To conclude, AME and APE are not (at least not more than marginally) affected by unobserved heterogeneity that is unrelated to the independent variables in the model, and can thus be compared across models, groups, samples, years etc. However, these measures are population-averaged and represent the *average of the conditional effects* of *x*_{1} on *P*(*y* = 1). AME gives the overall average of the conditional slopes for *x*_{1}, while APE corresponds to the average of the conditional slopes for different values of *x*_{1}. Though population-averaged estimates in probability terms are more intuitive in that they measure the average change in *P*(*y* = 1) and do not uniformly underestimate conditional effects as LnOR or OR do, they still estimate an average effect. If one is interested in the effect on an aggregate level, AME or APE is normally sufficient. Nonetheless, many are interested in the change in probability that would occur for individuals upon a change in the independent variable, and then MFX or Δ*P* evaluated at different values of independent variables are more appropriate because they come closer to this—especially Δ*P* as it measures the effect of a meaningful change in the independent variable. As noted above, these measures *are* affected by unobserved heterogeneity, and cannot be straightforwardly compared. In addition, they can suggest very different effects depending on the values chosen for the independent variable and the conditioning variables. Thus, a good option is often to report one estimate of probability change that is population-averaged, and one that is conditional.^{12}

### Linear Probability Models

Linear probability models (LPM), i.e. linear regression used with binary dependent variables, also yield results in terms of probability changes. In linear regression, we estimate the effects on the observed dependent variable, so coefficients are comparable over models, groups, etc. Using LPM is almost unthinkable in sociology, while it is common in economics. Generally, three problems are pointed out for LPMs:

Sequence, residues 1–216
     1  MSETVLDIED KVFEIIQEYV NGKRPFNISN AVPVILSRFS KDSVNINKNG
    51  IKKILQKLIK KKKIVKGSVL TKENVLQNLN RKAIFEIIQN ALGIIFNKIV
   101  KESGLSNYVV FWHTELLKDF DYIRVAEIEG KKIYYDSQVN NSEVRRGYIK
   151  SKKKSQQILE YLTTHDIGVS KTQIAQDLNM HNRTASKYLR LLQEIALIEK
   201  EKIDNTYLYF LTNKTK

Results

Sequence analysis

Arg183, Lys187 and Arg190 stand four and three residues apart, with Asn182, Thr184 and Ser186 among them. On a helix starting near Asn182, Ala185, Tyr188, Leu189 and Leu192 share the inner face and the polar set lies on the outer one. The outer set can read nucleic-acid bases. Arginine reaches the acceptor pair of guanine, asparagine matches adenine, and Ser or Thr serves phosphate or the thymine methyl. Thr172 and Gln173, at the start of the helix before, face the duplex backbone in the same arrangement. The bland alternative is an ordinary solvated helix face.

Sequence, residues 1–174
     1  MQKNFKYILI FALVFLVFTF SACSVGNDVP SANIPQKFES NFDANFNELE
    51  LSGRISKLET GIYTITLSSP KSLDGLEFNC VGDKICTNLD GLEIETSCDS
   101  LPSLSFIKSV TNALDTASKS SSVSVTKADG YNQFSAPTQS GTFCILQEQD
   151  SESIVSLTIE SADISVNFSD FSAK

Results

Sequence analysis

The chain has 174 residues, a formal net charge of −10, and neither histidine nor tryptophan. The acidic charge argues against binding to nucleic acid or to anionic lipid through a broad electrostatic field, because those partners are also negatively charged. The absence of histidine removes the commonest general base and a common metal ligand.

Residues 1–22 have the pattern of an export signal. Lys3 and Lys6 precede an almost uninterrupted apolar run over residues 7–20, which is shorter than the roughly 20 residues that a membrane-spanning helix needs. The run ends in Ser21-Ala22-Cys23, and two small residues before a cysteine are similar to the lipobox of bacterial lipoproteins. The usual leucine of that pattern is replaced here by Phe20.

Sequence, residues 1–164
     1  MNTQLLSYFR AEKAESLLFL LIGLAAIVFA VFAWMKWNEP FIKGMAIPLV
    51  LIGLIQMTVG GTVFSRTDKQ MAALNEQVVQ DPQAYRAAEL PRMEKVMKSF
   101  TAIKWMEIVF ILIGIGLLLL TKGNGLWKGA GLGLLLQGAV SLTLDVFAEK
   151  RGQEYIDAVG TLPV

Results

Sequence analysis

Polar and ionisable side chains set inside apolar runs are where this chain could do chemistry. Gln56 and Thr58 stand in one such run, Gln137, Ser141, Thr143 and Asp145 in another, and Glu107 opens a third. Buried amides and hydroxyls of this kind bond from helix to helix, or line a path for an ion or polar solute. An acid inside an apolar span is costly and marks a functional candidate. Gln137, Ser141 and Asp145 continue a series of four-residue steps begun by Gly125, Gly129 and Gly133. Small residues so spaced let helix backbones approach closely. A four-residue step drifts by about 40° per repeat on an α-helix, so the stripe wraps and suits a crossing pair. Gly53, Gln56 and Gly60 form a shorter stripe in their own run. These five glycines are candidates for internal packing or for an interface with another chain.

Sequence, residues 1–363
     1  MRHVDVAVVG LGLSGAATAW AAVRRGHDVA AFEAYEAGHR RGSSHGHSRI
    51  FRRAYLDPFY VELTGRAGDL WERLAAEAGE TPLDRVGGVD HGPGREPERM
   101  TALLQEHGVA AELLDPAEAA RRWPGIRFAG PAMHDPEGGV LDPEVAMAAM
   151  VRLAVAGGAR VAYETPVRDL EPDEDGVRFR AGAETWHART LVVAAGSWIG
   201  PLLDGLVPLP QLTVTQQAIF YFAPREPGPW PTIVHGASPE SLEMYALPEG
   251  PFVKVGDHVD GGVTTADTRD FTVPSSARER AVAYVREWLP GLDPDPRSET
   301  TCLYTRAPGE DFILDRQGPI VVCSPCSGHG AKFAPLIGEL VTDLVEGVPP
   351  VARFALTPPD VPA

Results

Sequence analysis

(1) The possibility of predicted probabilities higher than 1 or lower than 0, i.e. out of range.

(2) Heteroscedastic and non-normal residuals, leading to inefficiency and invalid standard errors, and

(3) Misspecified functional form.

As noted by Long (1997), the occurrence of unrealistic predicted values as in (1) is also common in linear regression with non-binary dependent variables. This is not a serious problem unless many predicted values fall below 0 or above 1; and (2) can easily be corrected for.^{13} This leaves (3) as the critical issue. It is often theoretically plausible that binary outcome variables are related to the independent variables in a non-linear fashion with smaller increments in the probability of the outcome at the extreme ends of the distribution.

As long as the misspecification of functional form does not alter (more than marginally) the substantive conclusions that are relevant to the questions asked, it is reasonable to choose LPM over logistic regression. Though LnOR or OR from logistic regression are valid for all values of the independent variable and acknowledge the non-linearity of the relation, these advantages are not exploited if substantive effects are reported only at a certain point of the distribution. For example, if we are only interested in sign and significance of an effect, or of an average effect estimate (such as AME) and not in the non-linearity of the relation *per se*, a LPM is entirely appropriate, and deriving AME from logistic regression is just a complicated detour.